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A Tuba to Cuba - A Feast For The Eyes, Ears, And Heart

A Tuba to Cuba is a 2018 American documentary film about the Preservation Hall Jazz Band and their journey of retracing their musical roots. The leader of the band Ben Jaffe tries to fulfill his late father’s Allan wish of retracing their musical roots to the shores of Cuba and in the process, discovers the universal power of music to lift the human spirit and bond the cultural divide.

 

Allan Jaffe started a band, with himself on tuba, that became one of the first integrated music groups in the Jim Crow South. But in a city where music arises from every street corner, saloon door, and church window, the Jaffes found their band was a bridge over New Orleans’ racial divide. Ben Jaffe was a teen when his father died in 1987, and after college he took over the family band in 1993, playing double bass and tuba, which became the band’s trademark. Ben says in this documentary’s narration that his father always wanted to go to Cuba, feeling that a missing part of New Orleans’ musical history was there.

Finally, in December 2015 the band made its first trip to Cuba. Directors T.G. Herrington and Danny Clinch (a concert-film specialist) followed the seven-member band first in Havana, then to Santiago de Cuba and Cienfuegos. At each stop, they encounter musicians who keep alive Cuba’s traditions.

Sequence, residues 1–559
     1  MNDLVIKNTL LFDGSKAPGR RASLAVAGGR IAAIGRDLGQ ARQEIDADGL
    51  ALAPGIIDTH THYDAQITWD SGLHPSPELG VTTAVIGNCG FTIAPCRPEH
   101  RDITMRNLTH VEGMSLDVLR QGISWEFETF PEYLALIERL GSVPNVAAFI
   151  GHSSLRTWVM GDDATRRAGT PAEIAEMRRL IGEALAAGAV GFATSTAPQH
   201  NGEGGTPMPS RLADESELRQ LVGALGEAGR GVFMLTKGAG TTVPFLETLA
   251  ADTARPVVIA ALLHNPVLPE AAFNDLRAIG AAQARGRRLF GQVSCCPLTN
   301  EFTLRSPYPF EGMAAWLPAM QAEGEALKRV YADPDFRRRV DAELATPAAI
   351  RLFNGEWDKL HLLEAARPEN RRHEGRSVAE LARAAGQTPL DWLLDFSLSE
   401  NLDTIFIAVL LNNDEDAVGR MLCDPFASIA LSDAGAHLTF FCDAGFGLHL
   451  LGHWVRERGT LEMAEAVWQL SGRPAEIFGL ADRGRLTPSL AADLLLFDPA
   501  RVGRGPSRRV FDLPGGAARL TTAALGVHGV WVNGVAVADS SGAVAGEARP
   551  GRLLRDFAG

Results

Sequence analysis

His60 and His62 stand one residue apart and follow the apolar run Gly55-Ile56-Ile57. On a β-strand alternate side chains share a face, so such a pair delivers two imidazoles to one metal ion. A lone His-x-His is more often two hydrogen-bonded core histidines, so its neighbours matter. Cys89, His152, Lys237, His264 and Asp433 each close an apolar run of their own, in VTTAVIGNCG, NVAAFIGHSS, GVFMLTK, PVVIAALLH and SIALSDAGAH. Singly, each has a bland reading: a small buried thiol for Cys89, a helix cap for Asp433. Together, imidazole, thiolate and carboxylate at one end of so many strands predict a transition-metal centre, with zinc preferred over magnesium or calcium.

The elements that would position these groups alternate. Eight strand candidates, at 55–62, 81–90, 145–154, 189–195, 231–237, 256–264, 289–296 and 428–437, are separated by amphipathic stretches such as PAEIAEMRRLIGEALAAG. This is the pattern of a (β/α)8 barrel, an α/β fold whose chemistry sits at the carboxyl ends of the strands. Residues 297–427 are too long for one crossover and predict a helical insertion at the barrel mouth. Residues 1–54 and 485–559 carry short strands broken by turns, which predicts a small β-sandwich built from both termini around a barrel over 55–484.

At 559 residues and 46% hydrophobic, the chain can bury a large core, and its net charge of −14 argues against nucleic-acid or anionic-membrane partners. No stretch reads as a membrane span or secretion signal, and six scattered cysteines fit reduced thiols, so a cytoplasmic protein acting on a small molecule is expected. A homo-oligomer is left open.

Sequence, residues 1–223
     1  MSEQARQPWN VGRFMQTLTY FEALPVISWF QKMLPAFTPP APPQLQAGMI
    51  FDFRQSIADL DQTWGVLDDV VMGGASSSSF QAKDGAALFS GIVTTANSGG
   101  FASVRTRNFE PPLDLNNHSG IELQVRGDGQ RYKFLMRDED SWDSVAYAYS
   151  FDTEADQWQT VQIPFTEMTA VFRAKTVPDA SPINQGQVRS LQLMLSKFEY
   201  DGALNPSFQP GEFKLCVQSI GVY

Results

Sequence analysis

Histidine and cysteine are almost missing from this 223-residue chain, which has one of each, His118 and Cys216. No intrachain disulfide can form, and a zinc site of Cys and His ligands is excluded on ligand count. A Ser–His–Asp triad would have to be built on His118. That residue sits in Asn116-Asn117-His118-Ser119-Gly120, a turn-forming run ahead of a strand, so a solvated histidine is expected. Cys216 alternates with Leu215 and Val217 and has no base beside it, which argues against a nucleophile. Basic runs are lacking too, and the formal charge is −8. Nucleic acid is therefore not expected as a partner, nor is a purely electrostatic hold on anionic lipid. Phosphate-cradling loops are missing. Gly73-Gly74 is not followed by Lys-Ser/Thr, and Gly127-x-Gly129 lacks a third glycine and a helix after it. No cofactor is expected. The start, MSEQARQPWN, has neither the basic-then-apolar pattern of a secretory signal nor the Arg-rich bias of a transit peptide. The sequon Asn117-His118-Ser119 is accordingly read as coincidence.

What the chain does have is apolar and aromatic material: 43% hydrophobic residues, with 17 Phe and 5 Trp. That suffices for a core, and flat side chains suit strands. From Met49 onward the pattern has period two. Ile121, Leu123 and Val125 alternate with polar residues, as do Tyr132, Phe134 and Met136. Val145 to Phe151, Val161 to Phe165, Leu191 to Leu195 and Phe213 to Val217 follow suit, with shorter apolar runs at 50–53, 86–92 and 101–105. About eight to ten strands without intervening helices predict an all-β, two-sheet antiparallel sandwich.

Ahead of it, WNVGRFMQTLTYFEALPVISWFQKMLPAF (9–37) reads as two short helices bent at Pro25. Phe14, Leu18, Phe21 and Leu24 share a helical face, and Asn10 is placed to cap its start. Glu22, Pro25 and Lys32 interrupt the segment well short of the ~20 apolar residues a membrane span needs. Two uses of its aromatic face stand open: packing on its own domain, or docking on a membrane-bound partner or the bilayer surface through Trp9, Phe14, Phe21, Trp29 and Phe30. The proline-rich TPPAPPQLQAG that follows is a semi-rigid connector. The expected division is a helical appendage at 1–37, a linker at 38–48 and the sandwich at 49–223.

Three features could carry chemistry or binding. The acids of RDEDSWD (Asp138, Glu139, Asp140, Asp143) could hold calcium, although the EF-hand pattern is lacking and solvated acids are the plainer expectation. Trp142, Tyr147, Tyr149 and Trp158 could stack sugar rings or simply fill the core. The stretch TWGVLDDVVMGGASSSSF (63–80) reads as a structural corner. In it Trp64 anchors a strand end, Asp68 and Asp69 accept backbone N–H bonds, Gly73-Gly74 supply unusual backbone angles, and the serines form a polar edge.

In many places in Cuba, the New Orleans bandmates discover, those traditions were born in Africa and landed in the Caribbean thanks to the slave trade. The rhythms of Afro-Cuban music and of New Orleans jazz are similar, as are the origin stories of racial division, poverty, and the uniting power of music.

At every turn, the Preservation Hall crew meets up with Cuban musicians, and it doesn’t take long for a jam session to start. One of the strongest moments is when the band first arrives in Santiago and finds itself horning in on a conga group in the street, who welcome the Americans as they form a Cuban version of a New Orleans second line.

Not everything plays smoothly in “A Tuba to Cuba.” Ben Jaffe’s narration can be very monotonous, and there are moments and montages that carry a whiff of an infomercial. But when the music is playing, this movie swings joyously and cheerful.